Become an Electrician: Have a Sexy Job? You Bet!
I recently read Derek Singleton’s blog article entitled “Should You Build or Should You Go? The Best States for a Construction Job.” In it he discusses the main drivers of construction growth and the top jobs in demand, and not to my surprise, he mentions the growing need for electricians more than once.
A career as an electrician is not one many people find overly appealing unless they happen to have family members or friends in the industry. That said it is no surprise that employee referrals are the largest source of new hires at my company, for this exact reason. So what do these people know that the general public often doesn’t? Well let’s peek behind the curtain to see how sexy a job as an electrician can be.
Did you know that electricians:
- Have the ability to make $50-70K a year after 4-5 years of training, and up to $100K+ as an experienced superintendent?
- Have no student loans?
- Have a skill for life that is needed in any city, state or country for that matter?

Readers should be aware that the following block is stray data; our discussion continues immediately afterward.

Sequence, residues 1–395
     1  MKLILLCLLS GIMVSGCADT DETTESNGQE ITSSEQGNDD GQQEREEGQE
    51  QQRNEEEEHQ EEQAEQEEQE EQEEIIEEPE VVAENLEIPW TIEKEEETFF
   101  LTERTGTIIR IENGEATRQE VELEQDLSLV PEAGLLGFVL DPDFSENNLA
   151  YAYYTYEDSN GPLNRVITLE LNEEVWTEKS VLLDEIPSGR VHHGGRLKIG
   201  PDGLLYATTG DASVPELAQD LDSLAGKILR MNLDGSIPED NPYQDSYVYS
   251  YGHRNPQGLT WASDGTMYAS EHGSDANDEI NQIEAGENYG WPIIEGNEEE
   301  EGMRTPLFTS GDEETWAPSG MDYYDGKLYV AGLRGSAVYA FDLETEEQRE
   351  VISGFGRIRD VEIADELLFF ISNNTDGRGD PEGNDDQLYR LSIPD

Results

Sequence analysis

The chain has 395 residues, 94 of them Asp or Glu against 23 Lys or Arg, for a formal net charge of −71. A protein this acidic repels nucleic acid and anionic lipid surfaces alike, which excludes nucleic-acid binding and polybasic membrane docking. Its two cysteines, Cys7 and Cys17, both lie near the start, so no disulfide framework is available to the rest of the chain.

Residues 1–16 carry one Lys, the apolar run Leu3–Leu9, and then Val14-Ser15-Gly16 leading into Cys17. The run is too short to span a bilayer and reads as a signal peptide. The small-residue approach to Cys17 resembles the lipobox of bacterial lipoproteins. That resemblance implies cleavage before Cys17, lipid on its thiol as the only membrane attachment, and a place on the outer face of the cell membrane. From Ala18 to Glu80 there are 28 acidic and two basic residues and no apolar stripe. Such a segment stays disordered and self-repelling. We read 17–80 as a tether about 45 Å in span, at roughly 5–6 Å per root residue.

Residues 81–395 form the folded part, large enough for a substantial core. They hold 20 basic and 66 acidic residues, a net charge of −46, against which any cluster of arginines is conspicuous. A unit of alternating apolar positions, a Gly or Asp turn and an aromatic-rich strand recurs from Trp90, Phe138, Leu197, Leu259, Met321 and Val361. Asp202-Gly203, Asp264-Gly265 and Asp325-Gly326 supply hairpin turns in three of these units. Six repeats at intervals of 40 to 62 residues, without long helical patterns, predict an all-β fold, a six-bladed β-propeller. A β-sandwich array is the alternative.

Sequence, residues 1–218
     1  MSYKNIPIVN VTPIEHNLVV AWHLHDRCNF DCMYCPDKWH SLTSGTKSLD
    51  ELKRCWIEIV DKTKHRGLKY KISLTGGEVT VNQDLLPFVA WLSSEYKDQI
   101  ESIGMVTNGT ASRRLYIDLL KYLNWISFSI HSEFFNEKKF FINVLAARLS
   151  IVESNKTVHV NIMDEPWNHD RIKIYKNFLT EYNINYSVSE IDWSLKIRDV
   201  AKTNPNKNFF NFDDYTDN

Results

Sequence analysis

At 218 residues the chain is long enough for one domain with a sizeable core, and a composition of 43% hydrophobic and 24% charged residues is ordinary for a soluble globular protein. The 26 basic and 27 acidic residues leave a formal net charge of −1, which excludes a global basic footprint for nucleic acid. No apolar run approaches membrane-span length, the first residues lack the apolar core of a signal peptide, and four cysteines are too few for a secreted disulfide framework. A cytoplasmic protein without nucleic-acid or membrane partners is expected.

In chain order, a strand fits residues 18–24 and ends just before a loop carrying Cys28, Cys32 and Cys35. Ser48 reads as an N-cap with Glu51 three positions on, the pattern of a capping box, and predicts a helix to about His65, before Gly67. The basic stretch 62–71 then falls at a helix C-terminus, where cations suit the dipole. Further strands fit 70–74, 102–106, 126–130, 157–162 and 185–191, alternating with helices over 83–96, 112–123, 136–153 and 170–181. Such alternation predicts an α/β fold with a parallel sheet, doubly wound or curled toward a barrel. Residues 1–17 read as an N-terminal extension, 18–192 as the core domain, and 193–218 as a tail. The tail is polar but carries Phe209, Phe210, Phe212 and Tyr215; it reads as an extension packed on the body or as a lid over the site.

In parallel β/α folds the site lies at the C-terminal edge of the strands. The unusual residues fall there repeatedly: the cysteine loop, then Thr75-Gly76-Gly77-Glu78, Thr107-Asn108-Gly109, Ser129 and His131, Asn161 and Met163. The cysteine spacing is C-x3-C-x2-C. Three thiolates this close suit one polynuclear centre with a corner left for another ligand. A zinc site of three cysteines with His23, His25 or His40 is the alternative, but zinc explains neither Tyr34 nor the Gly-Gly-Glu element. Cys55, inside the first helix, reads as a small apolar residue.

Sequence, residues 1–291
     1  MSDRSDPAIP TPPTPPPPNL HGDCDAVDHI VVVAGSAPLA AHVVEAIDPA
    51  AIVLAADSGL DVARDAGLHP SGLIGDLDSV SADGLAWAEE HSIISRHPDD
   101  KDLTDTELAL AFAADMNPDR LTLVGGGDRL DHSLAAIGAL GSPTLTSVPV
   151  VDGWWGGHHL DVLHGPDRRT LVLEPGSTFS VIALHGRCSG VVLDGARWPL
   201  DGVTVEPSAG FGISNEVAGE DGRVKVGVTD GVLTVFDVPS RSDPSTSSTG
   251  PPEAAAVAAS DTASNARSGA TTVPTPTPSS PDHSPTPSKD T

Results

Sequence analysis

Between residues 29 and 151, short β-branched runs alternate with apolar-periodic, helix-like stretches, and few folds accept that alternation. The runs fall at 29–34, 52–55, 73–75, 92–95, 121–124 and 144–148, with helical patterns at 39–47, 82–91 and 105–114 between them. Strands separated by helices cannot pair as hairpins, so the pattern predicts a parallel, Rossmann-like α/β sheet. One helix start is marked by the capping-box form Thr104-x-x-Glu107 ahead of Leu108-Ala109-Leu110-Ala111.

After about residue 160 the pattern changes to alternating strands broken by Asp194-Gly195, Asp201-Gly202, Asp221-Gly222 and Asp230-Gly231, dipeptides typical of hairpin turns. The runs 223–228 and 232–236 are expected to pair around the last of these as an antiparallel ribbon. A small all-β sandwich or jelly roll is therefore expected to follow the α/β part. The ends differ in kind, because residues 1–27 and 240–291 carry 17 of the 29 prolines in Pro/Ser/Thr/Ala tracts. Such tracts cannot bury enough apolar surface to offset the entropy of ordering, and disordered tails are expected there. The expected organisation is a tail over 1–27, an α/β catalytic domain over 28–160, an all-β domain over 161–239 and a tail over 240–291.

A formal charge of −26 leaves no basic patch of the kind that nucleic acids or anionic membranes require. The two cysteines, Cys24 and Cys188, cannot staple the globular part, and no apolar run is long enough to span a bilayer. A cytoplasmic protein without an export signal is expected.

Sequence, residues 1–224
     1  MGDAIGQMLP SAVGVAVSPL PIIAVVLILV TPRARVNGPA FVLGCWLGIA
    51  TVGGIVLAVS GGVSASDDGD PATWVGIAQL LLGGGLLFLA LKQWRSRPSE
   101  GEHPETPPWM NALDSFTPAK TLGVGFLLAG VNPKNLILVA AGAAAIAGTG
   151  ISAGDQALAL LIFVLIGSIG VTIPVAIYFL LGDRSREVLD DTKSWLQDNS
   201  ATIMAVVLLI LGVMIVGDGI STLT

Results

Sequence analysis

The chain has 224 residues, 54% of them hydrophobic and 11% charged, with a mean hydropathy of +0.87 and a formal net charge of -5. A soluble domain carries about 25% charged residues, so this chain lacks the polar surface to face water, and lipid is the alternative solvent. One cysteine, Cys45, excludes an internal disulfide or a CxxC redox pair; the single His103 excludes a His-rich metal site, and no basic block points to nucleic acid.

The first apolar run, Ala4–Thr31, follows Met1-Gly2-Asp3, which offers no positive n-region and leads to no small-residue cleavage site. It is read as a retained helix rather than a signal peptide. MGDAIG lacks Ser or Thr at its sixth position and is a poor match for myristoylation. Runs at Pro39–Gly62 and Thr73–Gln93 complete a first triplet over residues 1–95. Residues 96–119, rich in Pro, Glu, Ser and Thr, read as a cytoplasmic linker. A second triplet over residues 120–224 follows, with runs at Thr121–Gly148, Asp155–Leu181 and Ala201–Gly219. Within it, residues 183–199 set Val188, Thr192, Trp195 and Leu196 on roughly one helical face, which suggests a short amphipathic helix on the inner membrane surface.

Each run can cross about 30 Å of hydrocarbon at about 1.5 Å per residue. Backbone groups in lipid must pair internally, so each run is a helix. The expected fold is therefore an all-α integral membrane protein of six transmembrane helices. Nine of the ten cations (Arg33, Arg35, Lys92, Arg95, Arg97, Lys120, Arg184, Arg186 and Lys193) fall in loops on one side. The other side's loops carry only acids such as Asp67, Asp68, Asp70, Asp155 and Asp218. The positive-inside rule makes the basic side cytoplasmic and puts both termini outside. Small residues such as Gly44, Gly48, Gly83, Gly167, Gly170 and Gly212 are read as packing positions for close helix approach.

- Are not chained to a computer screen or desk all day?
- Get to work on many impressive state-of-the-art buildings and facilities?
- Have the ability to see all parts of the country working on different job sites if they choose?
- Have a skill that many of their neighbors will be jealous of and come to call them on from time-to-time?
Not every kid will be hired by Google – or wants to be for that matter. The electrical and specialty systems field is often considered the highest in demand of any skilled trade. High school counselors, parents and students need to open their eyes to the lucrative possibility of a career with an in-demand skilled trade. If they are more of the “hands on type,” they might find this career a better fit than a typical office job where they might sit behind a computer all day.
If you are a parent, friend or relative of a high school student, you may want to print off Singleton’s article and show it to him or her. It is clear from the many states with an increase in construction, as Singleton points out, that this career is here to stay. In fact, it is going to be more and more in demand as technology improves and infrastructure is built or updated.
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